Why Bitcoin Is Not Ready for Peer Lending
Over the past ten years, as even the most perfunctory observation will be bound to conclude, the financial system has become more and more negligent in its responsibility to serve the underlying economy from both sides. Savers have seen the interest rates in their bank accounts fall to 1%, or real returns that are negative once inflation is taken into account, while borrowers are forced to deal with rates that often exceed 10%, and with credit cards, often 20%, leaving many in a cycle of perpetually increasing debt.
Economists often think of an interest rate as a price, where the good being sold is the ability to use the value embodied in a certain quantity of money for a given period of time. The present financial market, therefore, is one where the difference between the price that the intermediaries are paying for the good and the price at which they are selling it is a factor of ten. This is unprecedented; there is no other commodity market in existence where the intermediaries are able to maintain profit margins of 900% without competition.
As with many other industries over the past ten years, however, the internet is paving the road for a better way. Rather than going through a bank, sites like Zopa and Funding Circle in the UK and Prosper and Lending Club in the US connect borrowers and lenders directly, taking only a 1% fee for their service. Interest rates end up at a happy medium of about 6% for savers and 9% for investors. Zopa already boasts a total of $200 million worth of loans processed, and its American equivalents have processed $350 million and $650 million, respectively. There is no FDIC insurance, meaning that there is no institutional guarantee that lenders will get their money back, but the intermediaries perform credit checks on borrowers and split up lenders’ money among many loans, so that even with the occasional default, investors can be almost certain that they will net a profit.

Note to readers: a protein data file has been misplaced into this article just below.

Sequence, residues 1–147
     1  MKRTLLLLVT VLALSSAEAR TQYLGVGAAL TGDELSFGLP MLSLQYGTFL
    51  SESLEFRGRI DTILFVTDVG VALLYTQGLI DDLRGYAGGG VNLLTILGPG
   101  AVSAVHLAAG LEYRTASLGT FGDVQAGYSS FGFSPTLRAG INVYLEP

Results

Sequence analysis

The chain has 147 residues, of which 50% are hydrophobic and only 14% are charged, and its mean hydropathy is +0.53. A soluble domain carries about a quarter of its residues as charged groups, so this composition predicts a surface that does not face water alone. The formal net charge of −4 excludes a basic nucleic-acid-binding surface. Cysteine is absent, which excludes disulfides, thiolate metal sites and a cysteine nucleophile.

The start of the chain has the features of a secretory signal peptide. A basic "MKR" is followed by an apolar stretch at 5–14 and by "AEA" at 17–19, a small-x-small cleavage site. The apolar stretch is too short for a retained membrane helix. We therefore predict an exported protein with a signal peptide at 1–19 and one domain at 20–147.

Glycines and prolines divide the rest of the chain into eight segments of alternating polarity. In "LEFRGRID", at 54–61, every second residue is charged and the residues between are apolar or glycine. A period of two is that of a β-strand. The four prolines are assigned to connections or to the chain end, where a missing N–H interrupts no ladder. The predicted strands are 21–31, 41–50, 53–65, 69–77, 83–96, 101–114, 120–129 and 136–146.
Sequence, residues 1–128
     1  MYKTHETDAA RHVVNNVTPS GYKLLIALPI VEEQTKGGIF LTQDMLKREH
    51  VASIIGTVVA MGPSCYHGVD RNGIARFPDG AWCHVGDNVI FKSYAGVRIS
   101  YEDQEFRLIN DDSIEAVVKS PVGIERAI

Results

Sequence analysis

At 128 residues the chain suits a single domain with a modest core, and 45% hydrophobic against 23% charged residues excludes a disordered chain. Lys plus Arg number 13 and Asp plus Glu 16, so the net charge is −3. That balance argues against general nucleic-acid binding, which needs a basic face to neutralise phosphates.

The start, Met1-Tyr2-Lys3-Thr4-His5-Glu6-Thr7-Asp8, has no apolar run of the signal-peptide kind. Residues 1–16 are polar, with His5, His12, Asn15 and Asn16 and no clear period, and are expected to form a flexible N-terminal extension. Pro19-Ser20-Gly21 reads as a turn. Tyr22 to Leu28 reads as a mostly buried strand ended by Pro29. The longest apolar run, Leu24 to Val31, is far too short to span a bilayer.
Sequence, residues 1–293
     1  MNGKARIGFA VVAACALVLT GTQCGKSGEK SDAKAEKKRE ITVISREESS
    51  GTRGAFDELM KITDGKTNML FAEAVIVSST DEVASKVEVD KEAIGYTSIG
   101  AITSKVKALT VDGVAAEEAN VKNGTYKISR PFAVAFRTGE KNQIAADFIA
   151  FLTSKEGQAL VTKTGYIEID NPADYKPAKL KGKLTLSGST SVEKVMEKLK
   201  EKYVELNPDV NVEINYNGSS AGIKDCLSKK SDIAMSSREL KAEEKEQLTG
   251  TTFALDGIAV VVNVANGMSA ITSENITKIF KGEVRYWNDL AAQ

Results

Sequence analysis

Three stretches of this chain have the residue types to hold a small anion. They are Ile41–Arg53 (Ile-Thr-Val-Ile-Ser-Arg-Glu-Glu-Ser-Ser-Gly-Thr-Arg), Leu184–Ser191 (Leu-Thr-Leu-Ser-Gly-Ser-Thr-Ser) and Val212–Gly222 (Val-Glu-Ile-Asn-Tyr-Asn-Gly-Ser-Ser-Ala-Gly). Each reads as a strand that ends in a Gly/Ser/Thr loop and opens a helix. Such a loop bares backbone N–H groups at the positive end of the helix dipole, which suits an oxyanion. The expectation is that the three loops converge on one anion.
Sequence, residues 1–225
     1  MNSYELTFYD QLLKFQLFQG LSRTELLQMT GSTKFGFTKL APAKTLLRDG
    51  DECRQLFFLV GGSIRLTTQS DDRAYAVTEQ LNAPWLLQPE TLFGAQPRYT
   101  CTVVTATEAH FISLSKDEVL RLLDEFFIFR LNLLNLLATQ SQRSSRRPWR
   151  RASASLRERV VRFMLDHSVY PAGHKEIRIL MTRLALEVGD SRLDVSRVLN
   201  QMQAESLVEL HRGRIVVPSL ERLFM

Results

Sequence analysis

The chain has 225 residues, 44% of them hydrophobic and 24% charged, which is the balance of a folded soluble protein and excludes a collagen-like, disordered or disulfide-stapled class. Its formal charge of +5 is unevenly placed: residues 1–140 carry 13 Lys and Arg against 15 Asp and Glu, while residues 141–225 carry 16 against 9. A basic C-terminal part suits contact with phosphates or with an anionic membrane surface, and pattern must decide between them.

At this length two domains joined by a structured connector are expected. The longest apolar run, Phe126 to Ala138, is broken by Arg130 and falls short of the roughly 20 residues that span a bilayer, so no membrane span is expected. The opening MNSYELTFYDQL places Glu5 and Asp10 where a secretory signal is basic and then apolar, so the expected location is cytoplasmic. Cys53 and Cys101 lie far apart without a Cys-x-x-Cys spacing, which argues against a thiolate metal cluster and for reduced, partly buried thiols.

To many Bitcoin users, this seems, at first glance, to be a natural market for Bitcoin to expand into. Decentralization and disintermediation are beloved buzzwords in the Bitcoin community, and if the currency can remove the need for banks as a place to store money, why can it not also eliminate the need for banks in their capacity as managers of capital? The reality, however, is that Bitcoin simply is not ready.
One argument that is often used in favor of Bitcoin is its lack of transaction fees. While this argument is a very compelling once for applications like online gambling, some forms of e-commerce and international money transfer, it simply does not apply in the case of lending. A 3% transaction fee both ways from a three year 8% APR loan is indeed a significant 23% cut of a lender’s profit, but what this argument does not take into account is the fact that for most users Bitcoin, as it stands, also has a transaction fee of 2-6% when cashing into and out of the fiat economy. If a hypothetical borrower spends large amounts of money on Bitcoin-friendly services already, then this effect can be bypassed by sending the borrower bitcoins, which he will spend on services, allowing him to use the fiat currency that the bitcoins replaced to fund the object of the loan, but outside of the Bitcoin community itself, such individuals are few and far between.